US Customs Duty Free Allowance

US Customs Duty-Free Allowance

By | 2023-11-08T00:08:09+00:00 March 10th, 2017|U.S. Customs|

It’s basic knowledge that when you’re entering or returning to the US from a foreign country with goods you purchased or received while away, you need to declare them to Customs and Border Protection (CBP). Basic, right?   The reality is that bringing goods into the US for resale can be quite complex, so it’s a smart idea to make advance arrangements with a customs broker to have your goods cleared through CBP.   Your residency status, the country you’re coming from, how long you were away, what you bought or were given, the country where the goods were made, and the price paid for them all play a role in determining whether or not you’re eligible for an exemption, as well as how much it will be.

For example, if you’re a US resident coming back with goods acquired from a foreign country after a stay of over 48 hours, you might be eligible for a duty-free personal exemption. Essentially, the duty-free personal exemption allows you to bring back goods to the United States without being obligated to pay duty. Should you bring back more than your exemption, you will be required to pay duty for the additional goods. Generally speaking, the average personal exemption amounts to $800, but there are some exceptions to the rule.  

The amount you are allowed to bring back from the United States will change depending on the countries you have visited, which can be $200, $800, or $1,600. In order to prevent people from abusing the system, certain limits are enabled for the amount of alcohol, cigarettes, cigars, and other tobacco products you can include within your personal exemption. Below is a quick overview of when the duty-free exemptions apply according to the U.S. Customs and Border Protection:  

    • The goods you are bringing back to the United States are intended for personal and/or household use or will be given to other people as gifts.
    • The items are in your possession once you enter the United States. Any goods that are sent to your address after you have returned to the United States will not be included within your $800 duty-free exemption. The only exceptions to this rule are if the goods are being sent from either Guam or the U.S. Virgin Islands.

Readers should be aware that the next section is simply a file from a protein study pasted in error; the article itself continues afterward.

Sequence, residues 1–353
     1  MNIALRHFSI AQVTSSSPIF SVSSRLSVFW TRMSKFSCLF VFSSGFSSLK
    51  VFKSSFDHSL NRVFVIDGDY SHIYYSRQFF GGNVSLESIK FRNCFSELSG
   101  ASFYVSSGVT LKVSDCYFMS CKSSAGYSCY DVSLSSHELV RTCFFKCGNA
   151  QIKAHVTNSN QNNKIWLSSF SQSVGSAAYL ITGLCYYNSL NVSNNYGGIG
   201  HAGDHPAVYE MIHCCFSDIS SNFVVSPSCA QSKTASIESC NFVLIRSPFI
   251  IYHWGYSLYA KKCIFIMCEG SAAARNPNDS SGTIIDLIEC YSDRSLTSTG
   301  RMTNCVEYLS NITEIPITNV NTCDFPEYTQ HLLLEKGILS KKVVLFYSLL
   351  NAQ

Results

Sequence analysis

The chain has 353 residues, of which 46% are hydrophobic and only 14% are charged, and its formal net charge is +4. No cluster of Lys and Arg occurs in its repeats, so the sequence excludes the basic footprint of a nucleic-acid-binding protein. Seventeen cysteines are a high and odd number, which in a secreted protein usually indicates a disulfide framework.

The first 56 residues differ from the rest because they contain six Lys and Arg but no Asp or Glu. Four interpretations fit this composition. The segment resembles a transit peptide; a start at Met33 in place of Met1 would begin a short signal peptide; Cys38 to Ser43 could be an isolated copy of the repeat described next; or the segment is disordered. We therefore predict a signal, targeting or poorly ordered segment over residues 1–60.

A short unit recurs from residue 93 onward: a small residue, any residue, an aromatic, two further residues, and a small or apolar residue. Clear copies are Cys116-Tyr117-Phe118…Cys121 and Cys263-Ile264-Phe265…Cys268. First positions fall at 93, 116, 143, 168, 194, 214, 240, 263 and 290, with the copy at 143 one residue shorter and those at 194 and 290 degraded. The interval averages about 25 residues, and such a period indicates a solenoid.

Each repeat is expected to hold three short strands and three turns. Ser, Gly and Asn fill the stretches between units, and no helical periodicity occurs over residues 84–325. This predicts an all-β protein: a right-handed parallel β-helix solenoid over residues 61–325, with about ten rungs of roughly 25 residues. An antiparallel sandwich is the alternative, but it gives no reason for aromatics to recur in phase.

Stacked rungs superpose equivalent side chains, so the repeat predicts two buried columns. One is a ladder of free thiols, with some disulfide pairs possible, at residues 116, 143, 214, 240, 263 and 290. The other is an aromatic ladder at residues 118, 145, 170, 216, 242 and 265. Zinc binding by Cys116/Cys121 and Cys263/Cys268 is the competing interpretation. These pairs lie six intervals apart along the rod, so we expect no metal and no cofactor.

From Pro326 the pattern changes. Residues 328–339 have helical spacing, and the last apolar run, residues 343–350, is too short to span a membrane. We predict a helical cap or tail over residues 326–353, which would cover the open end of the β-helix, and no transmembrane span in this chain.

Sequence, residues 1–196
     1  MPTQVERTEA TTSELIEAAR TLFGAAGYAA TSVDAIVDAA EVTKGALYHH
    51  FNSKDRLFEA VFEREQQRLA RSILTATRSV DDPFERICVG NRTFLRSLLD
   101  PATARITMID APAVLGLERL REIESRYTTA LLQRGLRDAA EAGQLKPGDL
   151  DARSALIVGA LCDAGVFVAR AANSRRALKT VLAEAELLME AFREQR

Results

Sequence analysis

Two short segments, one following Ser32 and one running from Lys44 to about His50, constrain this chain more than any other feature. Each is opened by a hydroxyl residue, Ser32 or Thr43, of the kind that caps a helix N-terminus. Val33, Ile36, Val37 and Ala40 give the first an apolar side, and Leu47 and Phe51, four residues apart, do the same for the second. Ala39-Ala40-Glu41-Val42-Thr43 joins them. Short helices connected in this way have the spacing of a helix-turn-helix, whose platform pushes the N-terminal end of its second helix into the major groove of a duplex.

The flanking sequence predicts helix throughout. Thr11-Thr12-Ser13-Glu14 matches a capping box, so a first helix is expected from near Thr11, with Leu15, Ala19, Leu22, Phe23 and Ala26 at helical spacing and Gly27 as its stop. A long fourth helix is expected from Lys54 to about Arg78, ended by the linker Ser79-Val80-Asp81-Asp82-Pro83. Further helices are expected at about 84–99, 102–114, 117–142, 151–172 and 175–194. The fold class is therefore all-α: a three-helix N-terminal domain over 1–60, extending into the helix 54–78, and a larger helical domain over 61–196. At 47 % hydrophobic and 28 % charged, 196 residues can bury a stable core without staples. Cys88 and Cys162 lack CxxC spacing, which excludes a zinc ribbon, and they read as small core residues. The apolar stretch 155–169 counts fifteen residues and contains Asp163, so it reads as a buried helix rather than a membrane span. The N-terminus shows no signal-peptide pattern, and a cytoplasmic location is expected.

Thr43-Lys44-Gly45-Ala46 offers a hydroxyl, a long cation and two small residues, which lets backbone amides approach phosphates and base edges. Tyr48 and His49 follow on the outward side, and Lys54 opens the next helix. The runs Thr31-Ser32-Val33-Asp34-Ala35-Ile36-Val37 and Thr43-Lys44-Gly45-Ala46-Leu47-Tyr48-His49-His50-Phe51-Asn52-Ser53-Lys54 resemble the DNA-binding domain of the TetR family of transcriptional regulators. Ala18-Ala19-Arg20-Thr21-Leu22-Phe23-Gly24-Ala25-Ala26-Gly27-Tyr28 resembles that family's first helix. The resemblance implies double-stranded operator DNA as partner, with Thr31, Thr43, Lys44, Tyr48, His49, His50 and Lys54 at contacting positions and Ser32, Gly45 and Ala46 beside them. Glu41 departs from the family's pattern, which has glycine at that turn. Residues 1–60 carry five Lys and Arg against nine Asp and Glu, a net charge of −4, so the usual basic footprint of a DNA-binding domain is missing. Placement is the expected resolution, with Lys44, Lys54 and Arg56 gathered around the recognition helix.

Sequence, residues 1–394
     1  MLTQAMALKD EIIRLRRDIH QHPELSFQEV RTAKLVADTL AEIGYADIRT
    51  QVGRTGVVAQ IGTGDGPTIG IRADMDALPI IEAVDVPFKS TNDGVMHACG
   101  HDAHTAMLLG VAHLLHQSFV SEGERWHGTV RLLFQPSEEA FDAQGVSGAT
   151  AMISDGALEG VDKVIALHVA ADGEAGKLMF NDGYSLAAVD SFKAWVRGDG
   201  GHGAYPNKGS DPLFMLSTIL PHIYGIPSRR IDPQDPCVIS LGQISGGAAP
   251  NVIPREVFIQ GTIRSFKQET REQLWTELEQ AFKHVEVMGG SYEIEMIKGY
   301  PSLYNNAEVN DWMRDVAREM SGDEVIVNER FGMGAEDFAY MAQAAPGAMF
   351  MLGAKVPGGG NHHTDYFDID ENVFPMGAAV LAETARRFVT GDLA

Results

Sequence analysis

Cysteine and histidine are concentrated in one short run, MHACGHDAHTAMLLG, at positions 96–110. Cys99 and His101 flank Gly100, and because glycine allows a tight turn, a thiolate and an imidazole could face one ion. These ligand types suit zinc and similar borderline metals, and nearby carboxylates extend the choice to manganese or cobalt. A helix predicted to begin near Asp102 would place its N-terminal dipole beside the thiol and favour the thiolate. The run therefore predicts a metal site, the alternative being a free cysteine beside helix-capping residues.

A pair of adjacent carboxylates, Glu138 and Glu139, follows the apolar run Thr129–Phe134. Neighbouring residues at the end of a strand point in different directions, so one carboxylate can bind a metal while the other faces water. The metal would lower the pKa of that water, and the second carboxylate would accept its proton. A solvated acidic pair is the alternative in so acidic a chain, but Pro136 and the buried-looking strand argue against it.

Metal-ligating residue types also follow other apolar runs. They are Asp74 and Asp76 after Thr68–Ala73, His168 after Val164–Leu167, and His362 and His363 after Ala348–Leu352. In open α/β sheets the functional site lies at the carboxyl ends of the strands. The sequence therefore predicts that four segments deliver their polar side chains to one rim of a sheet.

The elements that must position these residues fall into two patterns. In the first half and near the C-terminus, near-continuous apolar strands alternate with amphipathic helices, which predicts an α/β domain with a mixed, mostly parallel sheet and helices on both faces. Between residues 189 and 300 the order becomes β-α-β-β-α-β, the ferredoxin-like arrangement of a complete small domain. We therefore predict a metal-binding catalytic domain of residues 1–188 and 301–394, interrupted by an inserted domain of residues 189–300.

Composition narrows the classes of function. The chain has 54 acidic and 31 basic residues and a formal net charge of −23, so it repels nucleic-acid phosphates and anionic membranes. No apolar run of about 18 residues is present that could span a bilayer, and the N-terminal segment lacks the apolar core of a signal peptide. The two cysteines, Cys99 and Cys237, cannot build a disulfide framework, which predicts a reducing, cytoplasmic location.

• Your goods have been declared to the CBP. If you fail to declare any items to the CBP that should have been declared, you might have to relinquish the goods. If you are ever unsure whether or not you should declare any goods, stay on the safe side and just declare them.
    • You have returned from an overseas stay that has lasted for at least 48 hours. The only exception to this rule is if you are returning from Mexico or the U.S. Virgin Islands.
    • If you have all or part of your exemption allowance unused in the past 30 days. For example, if you travel abroad and come back bringing $150 worth of goods to the United States, you must wait another 30 days before you are allowed another $800 exemption.

Remember, some goods (such as original paintings or antiques over 100 years old) are not subject to duty at all. Goods that come from countries that are eligible for a special trade program like the North American Free Trade Agreement (NAFTA) can also be brought in duty-free. Be sure to have proof of their origins, though! Commercial samples can also be imported duty-free under NAFTA if their value, shipped individually or together, isn’t more than $1 US or the equivalent in Canadian or Mexican currency, or if they’re unsuitable for sale except as commercial samples.  


Trump has been very critical of this 20+year-old old trade deal between the US, Mexico, and Canada, and a lot of people are rightfully wondering what that renegotiation could mean for trade between the US and Canada (including those duty-free benefits). In spite of Trump’s most vocal concerns having to do with Mexico, Canada is just as deeply implicated in any changes made.   Another likely focus of changes to NAFTA is the foreign auto part industry, particularly in China. A likely renegotiation will be to make sure foreign-made parts don’t get assembled into vehicles that receive duty-free entry under NAFTA.   Bottom line? The future of the current US Customs duty-free allowance is not certain, but at Clearit USA it’s our job to offer the most current and smartest plan of action for your unique customs clearance needs. We look forward to hearing from you!